After Mother Nature raked her fingers across the landscape last winter with floods and high winds, more than a few places show scratches from her nails.
“The winds played havoc,” sums up Deb Mucklow, Spotted Bear District Ranger. “Our roads are drivable, but trails have some very big plugs.”
She describes rough, washed out roads and trees toppled onto trails around Spotted Bear. Her comments echo throughout Flathead National Forest and parts of Kootenai National Forest.
While Glacier National Park saw the brunt of flooding with Going-to-the-Sun Road damage, backcountry bridges swept away, and washouts on trails, both Flathead and Kootenai National Forests suffered, too. Visitors may have to contend with ravaged trails and roads well after this summer – especially with budget cuts chipping away at Forest Service crews.
A primary Bob Marshall Wilderness access, the east side of Hungry Horse Reservoir road to Spotted Bear, received enough rains to whittle away its size. Although drivable, Mucklow reports that the roadbed has narrowed considerably in several places. In the Spotted Bear backcountry, major bridges survived, but high winds dropped numerous trees onto trails.
While trail crews plugged away on main line trails early this month – the South Fork, Morrison Creek, and Spotted Bear River – the fewer crew numbers impede progress. “When I looked out at our training session, we’re starting with 20 fewer people helping us than last year,” Mucklow says. “We may not get to the less traveled trails this year. We’re scraping for every bit of funding we can get.”
Colter Pence, Flathead National Forest wilderness and trails manager, confirms the same for Glacier View and Hungry Horse districts. “We’re encountering more blowdown than typically expected due to the intense rainstorms and winds from last winter,” she says.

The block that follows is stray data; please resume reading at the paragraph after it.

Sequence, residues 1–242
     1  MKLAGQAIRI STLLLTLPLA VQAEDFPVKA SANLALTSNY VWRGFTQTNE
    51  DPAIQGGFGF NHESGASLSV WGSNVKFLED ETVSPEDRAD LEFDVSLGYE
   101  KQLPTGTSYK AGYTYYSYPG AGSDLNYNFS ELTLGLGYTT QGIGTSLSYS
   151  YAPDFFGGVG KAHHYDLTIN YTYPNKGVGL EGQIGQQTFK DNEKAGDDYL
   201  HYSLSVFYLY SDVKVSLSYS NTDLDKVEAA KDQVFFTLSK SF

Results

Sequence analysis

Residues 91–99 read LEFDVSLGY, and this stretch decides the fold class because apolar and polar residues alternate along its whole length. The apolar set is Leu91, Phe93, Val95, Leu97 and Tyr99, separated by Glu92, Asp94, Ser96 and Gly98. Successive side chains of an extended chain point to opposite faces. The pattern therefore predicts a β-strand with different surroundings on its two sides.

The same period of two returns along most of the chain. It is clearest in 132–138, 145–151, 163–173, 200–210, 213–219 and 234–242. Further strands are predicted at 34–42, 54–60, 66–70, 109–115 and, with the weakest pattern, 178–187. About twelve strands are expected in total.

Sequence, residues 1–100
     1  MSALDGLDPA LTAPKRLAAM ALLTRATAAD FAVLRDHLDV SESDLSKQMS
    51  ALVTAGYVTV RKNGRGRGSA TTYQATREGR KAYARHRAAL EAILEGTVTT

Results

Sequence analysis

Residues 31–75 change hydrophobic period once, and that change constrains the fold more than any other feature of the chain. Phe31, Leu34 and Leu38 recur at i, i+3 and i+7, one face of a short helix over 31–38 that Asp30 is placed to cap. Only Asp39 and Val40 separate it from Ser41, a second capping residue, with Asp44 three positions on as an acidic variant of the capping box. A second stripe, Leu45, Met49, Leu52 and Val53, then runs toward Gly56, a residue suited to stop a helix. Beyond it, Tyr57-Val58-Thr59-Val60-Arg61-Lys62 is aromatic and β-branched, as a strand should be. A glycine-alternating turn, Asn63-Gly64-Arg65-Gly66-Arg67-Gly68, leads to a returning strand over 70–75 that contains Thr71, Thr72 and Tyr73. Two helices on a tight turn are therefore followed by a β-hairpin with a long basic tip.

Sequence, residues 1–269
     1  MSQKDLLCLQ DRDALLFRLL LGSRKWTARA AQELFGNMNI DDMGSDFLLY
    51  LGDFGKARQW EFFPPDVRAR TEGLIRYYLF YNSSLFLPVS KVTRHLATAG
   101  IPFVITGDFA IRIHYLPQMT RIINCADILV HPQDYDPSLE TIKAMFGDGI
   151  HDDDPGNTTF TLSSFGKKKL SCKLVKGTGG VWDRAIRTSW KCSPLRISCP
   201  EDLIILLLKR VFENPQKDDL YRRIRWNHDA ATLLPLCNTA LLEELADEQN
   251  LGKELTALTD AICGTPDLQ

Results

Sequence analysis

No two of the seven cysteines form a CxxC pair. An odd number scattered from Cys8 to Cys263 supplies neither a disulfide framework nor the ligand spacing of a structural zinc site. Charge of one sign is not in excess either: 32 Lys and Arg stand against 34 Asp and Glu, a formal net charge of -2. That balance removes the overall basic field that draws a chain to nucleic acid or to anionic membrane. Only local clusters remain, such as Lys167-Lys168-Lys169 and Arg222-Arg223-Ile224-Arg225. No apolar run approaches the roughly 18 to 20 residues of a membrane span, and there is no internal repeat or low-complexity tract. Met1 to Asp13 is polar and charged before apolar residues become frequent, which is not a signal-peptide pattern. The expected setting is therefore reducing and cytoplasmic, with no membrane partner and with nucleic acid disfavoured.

Despite the damage, crews have already cleared popular Great Bear Wilderness trails such as Stanton, Skiumah, and Marion Lakes. But Pence advises checking trail status for stock. While hikers can crawl through tree mazes, downfall labyrinths can stop horses in their tracks.
In the Swan Mountain Range, smaller washouts, deeper rutting, and debris mark the roads, but they are passable. Recreation ranger Andrew Johnson says, “Public Forest Service roads are only minimally maintained anyway, rather bumpy and rocky. They’re not for passenger comfort.” But the Swan’s roads fared better than the trails. With saturated soils from November’s rains, the ensuing high winds tumbled trees over as if they were toothpicks. “Our fears were confirmed,” says Johnson. “The trail system took a pounding.” The five-person crew has already battled significant blowdown on Six Mile and Bond Creek trails and plans to hit the large numbers of trees down in the south Swan. “We have pretty limited resources,” Johnson says, “so we’ll only get to main line trails this summer.”
The tune is the same in the Cabinet Mountains. John Jeresak of the Kootenai National Forest says, “Trail crews are encountering pretty significant numbers and sizes of trees on the Cabinet fronts. They’ll be a serious impediment to stock users until we get the trails cleared.” Nonetheless, the small crew plans to clear downed timbers from most trails by July 4.
In the Whitefish Range, flooding washed out chunks of the main artery between Highway 93 and the North Fork, leaving Graves Creek-Trail Creek road (#114) and Therriault Lakes road (#319) with an impassable sliver four to five feet wide and water running down the road at Blue Sky Creek. While repairs are scheduled for July on the Graves Creek-Trail Creek road to allow for high clearance vehicles, the Therriault Lakes road may not see repairs until next summer.
Without road access into Ten Lakes Scenic Area of Kootenai National Forest, Fortine District Ranger Betty Holder says, “We just don’t know about some of the trail conditions further up Graves Creek, but we’re expecting a lot of blowdown.” Hikers can still access Deep Mountain and Krinklehorn trails as well as Ten Lakes via accesses such as Gibralter Ridge (#335), Glenn Creek (#88), and Therriault Pass (#87).
Because Forest Service districts have seen their federal dollars carved away and trail crews cut, many welcome volunteers to help with annual trail clearing and maintenance. You can volunteer directly with some ranger stations, like the Swan Ranger District. In the Fortine District, you can even adopt a campground or trail. The Bob Marshall Wilderness Foundation also runs volunteer trail programs in Flathead National Forest.
All ranger districts agree: Call for conditions before you head for the woods this summer. “Prepare to encounter downed trees and washouts,” Johnson notes. “And take a map so you can find the trail if it’s buried.”
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